With many of us now unexpectedly confined to our homes, our priorities are changing fast. The absence of a daily commute and a desire for fresh air means that gardens and balconies have taken on a new importance, in that overnight, they have become the only truly safe and accessible outdoor spaces for many people.
Even for those who don’t have their own outside patch, a daily walk (alone or with a member of one’s household, while maintaining a safe social distance from others!) will reveal new growth in hedgerows and borders and even patches of wasteland.
And when we pause to look up, tiny blossom buds on tree branches are determinedly pushing their way through. This week, many of us will suddenly find ourselves noticing, and taking comfort in nature in a way we haven’t perhaps had time to do in years, especially those trying to find activities to occupy their children.
Which begs the question, if nature can do so much for us, what can we, with enforced time on our hands, do for it?
NRI’s pollinator experts, Dr Sarah Arnold and Professor Phil Stevenson, have shared their thoughts on what to look out for and how to make our outdoor spaces even more attractive to bees and other beneficial insects.
“In our gardens right now”, Dr Arnold explains, “we should see good populations of the charming hairy footed flower bee (Anthophora plumipes), which are quite distinctive once you start looking. The males are gingery-brown all over, while the females are black, with tawny-brown legs and you’ll see them around flowering plants like Aubrieta, Pulmonaria (lungwort) and Symphytum (comfrey).”
Professor Stevenson says of the hairy footed flower bee: “They’re very round in shape and always appear to be very busy bees with a powerful controlled hover and long-tongue. Also coming out around now is their “cuckoo” bee Melecta albifrons, which lays its eggs in the nests of Anthophora species. It’s a slow and slightly ungainly bee, mostly black with a pale tufted face and characteristic white knee patches.”
Dr Arnold says that at this time of the year we should plant early flowering spring plants like Pulmonaria (also known as lungwort), Crocus, Symphytum (comfrey) and Cerinthe (honeywort). All of these will produce beautiful spring flowers and provide plenty of nectar for pollinators to make use of.
If you happen to see an oversized bee, and let’s face it, they’re hard to miss, then don’t be alarmed; it’s probably a large queen bumblebee looking for a nest. Common species like Bombus terrestris, Bombus hypnorum, and their cuckoo bees all scout around in the early spring looking for a safe haven to make their nests, whether an abandoned mouse hole or even a bird box!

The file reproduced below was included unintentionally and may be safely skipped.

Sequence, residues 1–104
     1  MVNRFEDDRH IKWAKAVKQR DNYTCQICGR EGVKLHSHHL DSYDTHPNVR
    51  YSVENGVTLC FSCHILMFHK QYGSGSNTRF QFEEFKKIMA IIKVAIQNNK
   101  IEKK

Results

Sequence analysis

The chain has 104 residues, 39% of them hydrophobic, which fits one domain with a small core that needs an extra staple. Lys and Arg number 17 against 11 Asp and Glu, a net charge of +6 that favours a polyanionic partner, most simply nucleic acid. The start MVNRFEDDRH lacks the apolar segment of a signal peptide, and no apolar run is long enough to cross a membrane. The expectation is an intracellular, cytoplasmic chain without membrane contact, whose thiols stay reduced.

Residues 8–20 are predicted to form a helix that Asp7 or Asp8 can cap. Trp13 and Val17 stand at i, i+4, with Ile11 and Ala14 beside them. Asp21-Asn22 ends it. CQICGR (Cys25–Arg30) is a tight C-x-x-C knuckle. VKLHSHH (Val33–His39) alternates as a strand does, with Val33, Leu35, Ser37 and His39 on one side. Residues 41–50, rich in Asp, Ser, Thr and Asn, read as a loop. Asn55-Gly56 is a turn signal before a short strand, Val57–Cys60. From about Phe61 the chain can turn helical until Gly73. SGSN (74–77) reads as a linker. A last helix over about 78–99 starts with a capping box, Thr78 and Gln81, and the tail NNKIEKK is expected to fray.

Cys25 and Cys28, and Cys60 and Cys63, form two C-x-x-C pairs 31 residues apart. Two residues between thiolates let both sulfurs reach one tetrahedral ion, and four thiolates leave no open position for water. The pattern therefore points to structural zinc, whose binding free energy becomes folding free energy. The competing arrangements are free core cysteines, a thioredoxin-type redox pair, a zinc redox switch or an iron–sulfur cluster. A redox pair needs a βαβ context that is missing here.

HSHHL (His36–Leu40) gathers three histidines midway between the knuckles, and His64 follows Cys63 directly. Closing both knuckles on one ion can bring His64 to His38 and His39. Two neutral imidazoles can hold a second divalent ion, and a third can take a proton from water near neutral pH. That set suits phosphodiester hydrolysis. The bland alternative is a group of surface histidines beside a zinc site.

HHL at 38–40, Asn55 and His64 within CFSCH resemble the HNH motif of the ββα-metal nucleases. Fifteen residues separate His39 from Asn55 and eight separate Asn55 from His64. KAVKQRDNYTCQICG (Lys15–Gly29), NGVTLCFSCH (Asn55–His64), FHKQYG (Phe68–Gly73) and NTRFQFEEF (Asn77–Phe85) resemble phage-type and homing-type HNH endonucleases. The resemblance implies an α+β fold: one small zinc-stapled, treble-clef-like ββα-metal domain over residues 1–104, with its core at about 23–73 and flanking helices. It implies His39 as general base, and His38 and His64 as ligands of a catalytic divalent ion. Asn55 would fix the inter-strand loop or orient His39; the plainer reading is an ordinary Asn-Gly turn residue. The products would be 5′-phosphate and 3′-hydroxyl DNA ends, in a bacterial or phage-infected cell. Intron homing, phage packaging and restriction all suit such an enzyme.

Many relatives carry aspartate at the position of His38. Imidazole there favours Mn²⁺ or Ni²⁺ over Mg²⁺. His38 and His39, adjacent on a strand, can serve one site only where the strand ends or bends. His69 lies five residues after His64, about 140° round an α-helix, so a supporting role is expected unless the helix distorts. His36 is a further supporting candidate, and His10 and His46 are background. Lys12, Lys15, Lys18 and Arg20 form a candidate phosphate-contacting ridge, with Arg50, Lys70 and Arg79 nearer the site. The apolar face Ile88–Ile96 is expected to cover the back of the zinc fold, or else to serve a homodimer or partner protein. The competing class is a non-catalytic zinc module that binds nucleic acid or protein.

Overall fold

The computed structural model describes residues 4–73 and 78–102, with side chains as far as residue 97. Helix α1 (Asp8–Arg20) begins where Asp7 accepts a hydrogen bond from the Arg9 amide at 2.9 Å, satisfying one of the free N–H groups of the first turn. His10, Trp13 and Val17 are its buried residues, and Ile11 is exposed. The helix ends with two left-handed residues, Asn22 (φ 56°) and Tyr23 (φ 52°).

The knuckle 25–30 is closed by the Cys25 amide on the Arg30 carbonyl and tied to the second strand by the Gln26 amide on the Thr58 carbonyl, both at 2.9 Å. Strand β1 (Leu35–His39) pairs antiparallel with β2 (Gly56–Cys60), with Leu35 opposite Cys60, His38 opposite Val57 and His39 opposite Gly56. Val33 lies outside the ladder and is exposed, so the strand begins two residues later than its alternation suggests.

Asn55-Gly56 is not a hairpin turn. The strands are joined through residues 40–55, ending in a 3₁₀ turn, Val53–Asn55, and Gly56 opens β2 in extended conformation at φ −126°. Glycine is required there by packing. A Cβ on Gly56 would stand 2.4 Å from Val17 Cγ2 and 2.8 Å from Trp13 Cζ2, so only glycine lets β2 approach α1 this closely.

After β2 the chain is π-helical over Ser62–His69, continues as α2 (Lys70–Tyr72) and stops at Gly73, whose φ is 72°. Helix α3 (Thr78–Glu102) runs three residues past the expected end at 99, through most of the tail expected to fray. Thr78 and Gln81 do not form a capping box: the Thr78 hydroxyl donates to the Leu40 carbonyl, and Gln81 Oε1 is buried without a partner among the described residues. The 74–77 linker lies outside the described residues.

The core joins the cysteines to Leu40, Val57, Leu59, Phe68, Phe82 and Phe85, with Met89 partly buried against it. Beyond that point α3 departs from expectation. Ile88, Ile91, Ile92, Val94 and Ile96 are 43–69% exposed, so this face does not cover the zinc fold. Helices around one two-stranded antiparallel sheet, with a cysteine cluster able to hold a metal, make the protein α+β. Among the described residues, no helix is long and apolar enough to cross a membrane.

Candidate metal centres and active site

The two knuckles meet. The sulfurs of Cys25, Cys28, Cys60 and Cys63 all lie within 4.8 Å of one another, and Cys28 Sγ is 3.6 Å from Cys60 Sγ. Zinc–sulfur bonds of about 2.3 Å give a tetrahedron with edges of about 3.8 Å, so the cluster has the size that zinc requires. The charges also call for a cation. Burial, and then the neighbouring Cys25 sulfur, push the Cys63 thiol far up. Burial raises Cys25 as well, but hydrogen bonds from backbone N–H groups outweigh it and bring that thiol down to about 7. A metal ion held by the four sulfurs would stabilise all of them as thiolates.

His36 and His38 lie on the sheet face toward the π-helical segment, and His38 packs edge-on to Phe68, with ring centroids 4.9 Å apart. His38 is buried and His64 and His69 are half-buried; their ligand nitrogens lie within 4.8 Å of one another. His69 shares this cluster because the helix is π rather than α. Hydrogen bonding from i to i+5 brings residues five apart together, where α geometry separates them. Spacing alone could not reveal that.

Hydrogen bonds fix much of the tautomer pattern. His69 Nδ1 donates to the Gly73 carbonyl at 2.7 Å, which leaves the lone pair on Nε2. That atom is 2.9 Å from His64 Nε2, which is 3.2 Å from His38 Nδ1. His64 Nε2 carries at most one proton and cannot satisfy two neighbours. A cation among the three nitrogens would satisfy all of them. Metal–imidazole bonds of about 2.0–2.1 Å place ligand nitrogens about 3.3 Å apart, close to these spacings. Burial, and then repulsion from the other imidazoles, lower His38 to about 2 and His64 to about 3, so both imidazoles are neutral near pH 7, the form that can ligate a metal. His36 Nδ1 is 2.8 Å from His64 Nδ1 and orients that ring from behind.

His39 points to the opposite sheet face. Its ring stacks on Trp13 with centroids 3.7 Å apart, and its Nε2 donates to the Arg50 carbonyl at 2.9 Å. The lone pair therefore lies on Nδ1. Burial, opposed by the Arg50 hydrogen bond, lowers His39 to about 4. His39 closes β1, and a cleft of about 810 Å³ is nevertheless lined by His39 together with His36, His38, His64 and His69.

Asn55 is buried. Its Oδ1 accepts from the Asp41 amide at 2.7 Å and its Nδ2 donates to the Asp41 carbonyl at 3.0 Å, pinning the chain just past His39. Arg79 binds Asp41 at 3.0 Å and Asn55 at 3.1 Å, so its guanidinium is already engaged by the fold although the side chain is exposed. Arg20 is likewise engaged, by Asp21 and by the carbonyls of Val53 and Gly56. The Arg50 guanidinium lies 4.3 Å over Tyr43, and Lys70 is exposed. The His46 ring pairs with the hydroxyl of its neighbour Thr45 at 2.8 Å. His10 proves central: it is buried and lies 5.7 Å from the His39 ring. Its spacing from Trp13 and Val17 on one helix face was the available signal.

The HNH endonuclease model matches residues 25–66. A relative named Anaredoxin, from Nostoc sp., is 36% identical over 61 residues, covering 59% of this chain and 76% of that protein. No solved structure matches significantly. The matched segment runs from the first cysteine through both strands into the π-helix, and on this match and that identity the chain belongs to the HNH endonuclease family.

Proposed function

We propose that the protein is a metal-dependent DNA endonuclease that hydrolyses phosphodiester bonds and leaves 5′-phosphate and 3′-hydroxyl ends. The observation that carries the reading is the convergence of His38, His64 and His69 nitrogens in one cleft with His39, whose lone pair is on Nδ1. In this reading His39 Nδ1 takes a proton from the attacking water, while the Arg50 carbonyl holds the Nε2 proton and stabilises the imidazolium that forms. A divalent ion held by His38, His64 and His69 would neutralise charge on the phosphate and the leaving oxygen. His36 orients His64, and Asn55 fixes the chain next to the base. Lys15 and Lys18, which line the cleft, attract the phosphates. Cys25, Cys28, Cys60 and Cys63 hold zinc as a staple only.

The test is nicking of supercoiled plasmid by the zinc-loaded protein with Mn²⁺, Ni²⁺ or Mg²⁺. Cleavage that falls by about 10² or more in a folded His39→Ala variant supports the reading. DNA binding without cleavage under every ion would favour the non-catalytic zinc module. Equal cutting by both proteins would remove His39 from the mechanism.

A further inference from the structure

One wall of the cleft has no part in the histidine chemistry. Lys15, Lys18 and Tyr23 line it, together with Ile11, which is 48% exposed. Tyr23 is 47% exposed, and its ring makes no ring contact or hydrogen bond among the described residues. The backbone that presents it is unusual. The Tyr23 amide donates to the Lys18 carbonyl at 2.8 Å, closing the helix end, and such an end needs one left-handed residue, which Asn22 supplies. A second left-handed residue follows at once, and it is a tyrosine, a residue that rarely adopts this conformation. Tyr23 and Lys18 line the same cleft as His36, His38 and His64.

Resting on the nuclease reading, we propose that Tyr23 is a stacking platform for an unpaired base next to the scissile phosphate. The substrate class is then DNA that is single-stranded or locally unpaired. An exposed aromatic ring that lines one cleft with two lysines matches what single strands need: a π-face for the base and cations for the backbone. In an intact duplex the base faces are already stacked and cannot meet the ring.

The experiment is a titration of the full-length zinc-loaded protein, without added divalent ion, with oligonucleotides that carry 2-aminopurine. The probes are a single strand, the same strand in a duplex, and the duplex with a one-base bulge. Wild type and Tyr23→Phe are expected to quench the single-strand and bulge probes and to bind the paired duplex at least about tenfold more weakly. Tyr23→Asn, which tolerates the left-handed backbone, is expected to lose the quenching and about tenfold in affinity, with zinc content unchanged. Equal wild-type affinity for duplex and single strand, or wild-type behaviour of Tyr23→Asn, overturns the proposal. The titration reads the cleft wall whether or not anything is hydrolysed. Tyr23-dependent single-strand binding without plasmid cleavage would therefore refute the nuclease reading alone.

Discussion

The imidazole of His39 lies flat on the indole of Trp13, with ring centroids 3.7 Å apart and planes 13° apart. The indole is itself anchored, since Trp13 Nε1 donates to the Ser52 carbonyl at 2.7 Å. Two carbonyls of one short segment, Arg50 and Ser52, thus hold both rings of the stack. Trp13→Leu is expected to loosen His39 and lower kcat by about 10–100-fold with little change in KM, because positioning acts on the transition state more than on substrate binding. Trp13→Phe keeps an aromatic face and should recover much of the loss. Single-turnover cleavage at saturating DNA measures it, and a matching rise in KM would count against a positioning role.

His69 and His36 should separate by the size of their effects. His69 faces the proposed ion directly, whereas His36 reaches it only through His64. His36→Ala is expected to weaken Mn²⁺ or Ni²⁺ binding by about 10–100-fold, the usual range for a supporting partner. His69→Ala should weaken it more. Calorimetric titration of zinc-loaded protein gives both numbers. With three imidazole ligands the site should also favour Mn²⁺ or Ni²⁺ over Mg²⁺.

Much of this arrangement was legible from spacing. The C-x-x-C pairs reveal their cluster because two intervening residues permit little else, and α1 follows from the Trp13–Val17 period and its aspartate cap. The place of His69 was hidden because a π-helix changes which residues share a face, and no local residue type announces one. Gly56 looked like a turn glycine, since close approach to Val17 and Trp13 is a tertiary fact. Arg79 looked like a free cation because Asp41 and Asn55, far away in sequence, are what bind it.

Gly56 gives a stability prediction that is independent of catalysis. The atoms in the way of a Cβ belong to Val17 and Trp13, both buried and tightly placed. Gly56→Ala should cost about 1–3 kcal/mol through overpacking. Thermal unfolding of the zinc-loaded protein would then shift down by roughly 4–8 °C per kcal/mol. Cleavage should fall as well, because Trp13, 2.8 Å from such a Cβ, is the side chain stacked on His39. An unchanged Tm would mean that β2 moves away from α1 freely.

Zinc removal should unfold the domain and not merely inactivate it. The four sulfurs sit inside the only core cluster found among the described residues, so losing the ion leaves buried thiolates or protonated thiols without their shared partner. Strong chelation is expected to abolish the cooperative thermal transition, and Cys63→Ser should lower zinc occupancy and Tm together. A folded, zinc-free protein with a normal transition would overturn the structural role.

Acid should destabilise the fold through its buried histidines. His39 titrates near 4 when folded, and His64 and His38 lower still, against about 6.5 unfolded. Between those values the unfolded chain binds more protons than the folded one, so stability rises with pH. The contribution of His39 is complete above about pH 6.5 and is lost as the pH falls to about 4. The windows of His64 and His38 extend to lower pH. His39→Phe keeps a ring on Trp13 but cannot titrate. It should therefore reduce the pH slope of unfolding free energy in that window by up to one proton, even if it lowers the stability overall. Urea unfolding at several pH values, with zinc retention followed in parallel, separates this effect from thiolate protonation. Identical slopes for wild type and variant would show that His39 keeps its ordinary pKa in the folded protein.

Dr Arnold says we should also keep a careful lookout for the tinier species: “Smaller bees are now coming out too, such as the red mason bee, Osmia bicornis, which is a big user of ‘bee hotels’, man-made structures in which bees make their nests. There’s a new settler in the UK, Osmia cornuta, which is becoming increasingly common around London and south-east England. A similar but rather unusual species that I really love is Osmia bicolor, which makes its nests in empty snail shells!”
A particular favourite of Professor Stevenson’s are the mining bees, which he says are out in force: “there are various Andrena species, small or medium-sized, mostly brown bees that nest in warm, dry soil, but one very characteristic species is the tawny mining bee Andrena fulva, which is bright orange and is usually responsible for the little ‘volcanoes’ in people’s lawns.”
There are some very basic things we can all do to help our gardens encourage the pollinators to proliferate this spring. Dr Arnold warns against over-mowing our lawns, tempting as it may be after such a long and wet winter. “It’s so important to pollinators”, Dr Arnold explains, “that we don’t cut the grass too short too soon and let some of the weeds like daisies and buttercups flower. If possible, try and leave a few dandelions here and there, as they are great for the early spring solitary bees.”
“Also, if you can”, adds Professor Stevenson, “try and leave a bit of sunny soil bare and undisturbed for those bees that like to nest underground. Obviously, pesticides should be avoided as they tend to kill not only nuisance pests, but good insects too.”
And we mustn’t forget that bees are not the only group of pollinators to look out for at this time of year. Hoverflies are growing more abundant, and these harmless flies are good at helping to control garden pests like aphids, and you may also see a beefly moving quickly from flower to flower, hovering briefly to drink nectar through a very long, slender proboscis.
With outdoor public spaces and the National Trust and botanical gardens like Kew shutting their doors to the public to help stop the spread of Covid-19, this is a great time to really take a good long look at our own green spaces and think about how we can improve them for wildlife. As free access to our physical world shrinks temporarily, we can take this opportunity to expand our natural world and help it thrive.
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